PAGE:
Putting the Internet in its Place

(By Hartsook Photo [Public domain], via Wikimedia Commons. “Mary Pickford writing at desk.”)

By John Kaufman

To celebrate the 200th post on this website, I thought I’d try to put this Internet thing in the proper perspective, comparing it to all that is not the Internet, which is just about all of life and living.

We tend to make a big deal of living in a “wired society” where a person need never be parted from digital communication; how backward and deprived our ancestors were to have to submit to the drudgery of pay phones, typewriters, the U.S. Postal Service, long hours of loneliness and heavy books, we say.  We, however, are the fortunate generation, linked to constant fun and human (sort of) interaction. Someday soon someone will invent a device or chip that will allow us to live without sleeping, which, thanks to the Internet and mobile devices, many Americans have already nearly accomplished. Some people actually devote their lives to this Internet thing, and some even make an incredible amount of money with it, an incredible fact for a writer like myself.

The Internet (always capitalized like God or the names of places and people) is, of course, a substantial fact of contemporary life and a boon to certain kinds of business. But the detriments of being “online” are also substantial, if often overlooked and downplayed, especially if one is “online” for long periods of time. I won’t take the time to document all the negative physical and cognitive harm that is caused by gazing too long at glowing screens. To start, you can Google “Is Google Making Us Stupid?”, an article by Nicholas Carr who put together a whole book on the subject. It seems there is a crucial difference between gathering information (which the Internet is great for) and properly consuming and considering it (which, compared to the printed page, the Internet sucks at.) A search engine is no substitute for an astute editor or teacher; left to our own devices, many of us get lost in our devices.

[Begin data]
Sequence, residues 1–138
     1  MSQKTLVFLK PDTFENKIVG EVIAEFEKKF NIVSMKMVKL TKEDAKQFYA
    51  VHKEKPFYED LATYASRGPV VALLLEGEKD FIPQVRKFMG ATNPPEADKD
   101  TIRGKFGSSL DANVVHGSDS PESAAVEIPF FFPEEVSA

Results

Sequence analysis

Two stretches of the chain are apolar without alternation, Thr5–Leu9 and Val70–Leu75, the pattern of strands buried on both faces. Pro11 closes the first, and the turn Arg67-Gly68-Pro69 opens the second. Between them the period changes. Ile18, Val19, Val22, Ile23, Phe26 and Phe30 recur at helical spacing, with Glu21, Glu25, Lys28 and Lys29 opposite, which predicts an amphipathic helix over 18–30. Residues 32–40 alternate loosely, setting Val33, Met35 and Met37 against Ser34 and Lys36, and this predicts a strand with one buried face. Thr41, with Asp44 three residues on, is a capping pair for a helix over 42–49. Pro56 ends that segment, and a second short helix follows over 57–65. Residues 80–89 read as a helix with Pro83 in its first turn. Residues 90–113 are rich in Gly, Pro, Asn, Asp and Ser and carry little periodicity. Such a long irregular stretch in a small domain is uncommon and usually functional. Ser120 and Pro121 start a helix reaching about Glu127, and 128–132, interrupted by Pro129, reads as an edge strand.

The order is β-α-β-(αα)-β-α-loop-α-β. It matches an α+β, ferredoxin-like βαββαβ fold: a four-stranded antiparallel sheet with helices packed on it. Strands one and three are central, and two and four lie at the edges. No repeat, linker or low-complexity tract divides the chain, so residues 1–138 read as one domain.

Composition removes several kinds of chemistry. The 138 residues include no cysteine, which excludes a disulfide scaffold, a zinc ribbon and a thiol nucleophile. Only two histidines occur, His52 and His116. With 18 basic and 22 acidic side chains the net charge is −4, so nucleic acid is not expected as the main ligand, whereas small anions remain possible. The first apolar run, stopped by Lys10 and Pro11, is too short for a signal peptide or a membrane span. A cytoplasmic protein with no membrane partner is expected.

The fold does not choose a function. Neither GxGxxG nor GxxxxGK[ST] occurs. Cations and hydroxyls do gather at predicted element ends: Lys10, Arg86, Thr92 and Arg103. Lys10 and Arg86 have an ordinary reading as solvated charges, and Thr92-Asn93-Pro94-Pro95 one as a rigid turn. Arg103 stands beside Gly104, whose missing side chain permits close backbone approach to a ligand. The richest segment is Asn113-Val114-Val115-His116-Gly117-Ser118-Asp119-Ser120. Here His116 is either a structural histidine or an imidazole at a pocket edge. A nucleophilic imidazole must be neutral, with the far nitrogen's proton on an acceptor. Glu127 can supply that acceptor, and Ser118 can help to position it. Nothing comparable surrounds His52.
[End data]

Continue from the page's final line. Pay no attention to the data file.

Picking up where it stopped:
The Internet, if you hadn’t noticed, is also a fragile and risky thing.  It does not have the solidity and comfort of, say, a library or bookstore.

And yet here I am typing away on this Internet thing and here you are turning to it for some sort of knowledge and/or entertainment. There is certainly an element of fun and fascination inherent in digital devices and our interconnected e-lives. There is undeniable convenience and speed and almost magical power. But the danger is, like Alice and her rabbit hole, of falling so far in you can’t easily get out, of believing that “virtual reality” is a substitute for (or even superior to) the natural reality of nature, people, things and one’s own imagination.

So to prevent Internet overload and preserve what’s left of my brain, I have four rules which I generally adhere to:

1. Do not turn on the computer until noon (or turn if off by noon) and make sure to shut down by nightfall.

2. Use a cellphone only for necessary calls.

3. Admire people who do not use digital devices at all and are generally happy about it.

4. Remember that the Internet is not a place or even a “cloud.” Being in real places with real people (or in contemplative solitude) is still what makes people most happy.

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